Psychological Abuse, Torture, and Other Fun Bedtime Stories

Psychological Abuse, Torture, and Other Fun Bedtime Stories July 20, 2012

One thing has become obvious since I started this blog: I got off lightly.

I began writing because I thought I had an important story to tell – and I do – but what happened to me is nothing compared to the abuse some of my commenters have encountered. Timothy Allman bravely shared this:

“My parents had their own ACE school that ended up being a home school just for us. There was no way out. My mother had me convinced that all public school children were evil drug addicts. It was more like a Polish orphanage than a nurturing home. Here is the kicker. After my fathers death, one of my sisters let me know that my father had molested her. From there it did not take much to figure out that all three of them had been molested. And it is clear from my mothers many actions like keeping us isolated and not wanting us (especially the girls) to see a doctor that she was compliant in this. Large numbers of people who say things like, we must abstain from all appearance of evil, might be protesting too much. These schools can safely harbor men and women who abuse children in ways that are just as bad as any catholic priest scandal in the news.”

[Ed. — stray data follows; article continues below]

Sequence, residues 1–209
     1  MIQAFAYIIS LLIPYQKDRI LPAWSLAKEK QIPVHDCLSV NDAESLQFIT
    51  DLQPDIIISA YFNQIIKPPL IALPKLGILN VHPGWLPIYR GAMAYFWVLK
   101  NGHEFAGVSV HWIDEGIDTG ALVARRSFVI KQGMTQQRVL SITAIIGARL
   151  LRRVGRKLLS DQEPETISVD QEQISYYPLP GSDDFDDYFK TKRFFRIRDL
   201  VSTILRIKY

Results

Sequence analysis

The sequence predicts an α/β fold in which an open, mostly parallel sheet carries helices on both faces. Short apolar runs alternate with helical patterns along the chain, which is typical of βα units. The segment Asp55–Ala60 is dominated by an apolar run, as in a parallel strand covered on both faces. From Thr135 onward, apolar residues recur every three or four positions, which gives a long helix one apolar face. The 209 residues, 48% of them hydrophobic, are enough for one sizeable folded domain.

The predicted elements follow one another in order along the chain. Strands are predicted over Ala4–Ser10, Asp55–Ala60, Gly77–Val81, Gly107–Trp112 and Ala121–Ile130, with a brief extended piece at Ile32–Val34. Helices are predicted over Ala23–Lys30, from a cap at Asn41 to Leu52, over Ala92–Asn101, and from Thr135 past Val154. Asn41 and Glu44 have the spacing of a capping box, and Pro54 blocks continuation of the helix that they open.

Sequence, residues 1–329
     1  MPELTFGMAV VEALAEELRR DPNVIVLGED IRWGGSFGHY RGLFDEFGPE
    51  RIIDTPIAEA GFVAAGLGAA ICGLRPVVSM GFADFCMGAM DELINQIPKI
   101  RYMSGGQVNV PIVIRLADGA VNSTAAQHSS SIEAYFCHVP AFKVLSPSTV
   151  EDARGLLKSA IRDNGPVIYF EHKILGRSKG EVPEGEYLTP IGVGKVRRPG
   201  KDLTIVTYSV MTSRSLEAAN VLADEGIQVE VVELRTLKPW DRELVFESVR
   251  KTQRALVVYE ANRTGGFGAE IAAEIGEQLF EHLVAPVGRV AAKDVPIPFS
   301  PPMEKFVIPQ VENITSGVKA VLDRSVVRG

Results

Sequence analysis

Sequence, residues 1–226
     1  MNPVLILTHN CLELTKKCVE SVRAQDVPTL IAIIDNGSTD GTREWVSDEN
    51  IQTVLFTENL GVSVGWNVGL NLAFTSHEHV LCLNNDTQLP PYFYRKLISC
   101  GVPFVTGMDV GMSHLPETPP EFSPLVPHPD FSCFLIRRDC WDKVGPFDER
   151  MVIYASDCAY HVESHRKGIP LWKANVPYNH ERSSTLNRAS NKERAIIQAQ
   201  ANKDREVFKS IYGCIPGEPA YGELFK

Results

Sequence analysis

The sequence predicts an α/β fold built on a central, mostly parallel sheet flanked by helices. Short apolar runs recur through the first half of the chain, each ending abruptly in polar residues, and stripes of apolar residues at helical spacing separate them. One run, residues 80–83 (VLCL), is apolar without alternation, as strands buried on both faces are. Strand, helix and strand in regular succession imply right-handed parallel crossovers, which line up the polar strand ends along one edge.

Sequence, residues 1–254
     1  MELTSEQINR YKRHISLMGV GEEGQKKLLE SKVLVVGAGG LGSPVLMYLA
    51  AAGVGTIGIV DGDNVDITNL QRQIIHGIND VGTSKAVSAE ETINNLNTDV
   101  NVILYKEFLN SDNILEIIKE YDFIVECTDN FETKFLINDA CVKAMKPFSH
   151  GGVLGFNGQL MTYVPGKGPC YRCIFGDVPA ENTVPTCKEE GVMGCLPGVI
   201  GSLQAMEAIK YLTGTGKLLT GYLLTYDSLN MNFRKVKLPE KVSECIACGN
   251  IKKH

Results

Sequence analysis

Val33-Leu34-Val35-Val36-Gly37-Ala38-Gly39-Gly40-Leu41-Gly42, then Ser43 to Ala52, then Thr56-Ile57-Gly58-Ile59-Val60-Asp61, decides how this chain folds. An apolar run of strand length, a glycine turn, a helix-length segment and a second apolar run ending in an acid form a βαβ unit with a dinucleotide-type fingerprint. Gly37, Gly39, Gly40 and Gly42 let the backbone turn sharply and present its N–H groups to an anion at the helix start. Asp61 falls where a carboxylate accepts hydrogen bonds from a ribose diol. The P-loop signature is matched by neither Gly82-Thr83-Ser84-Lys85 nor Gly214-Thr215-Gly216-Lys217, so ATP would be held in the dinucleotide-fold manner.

The stories I have to tell from my youth are generally fairly amusing (to me at least), but most thoughts of my blog being entertaining are flying out the window. I’m going to have to find some Creationist hilarity for you next time to lighten the tone.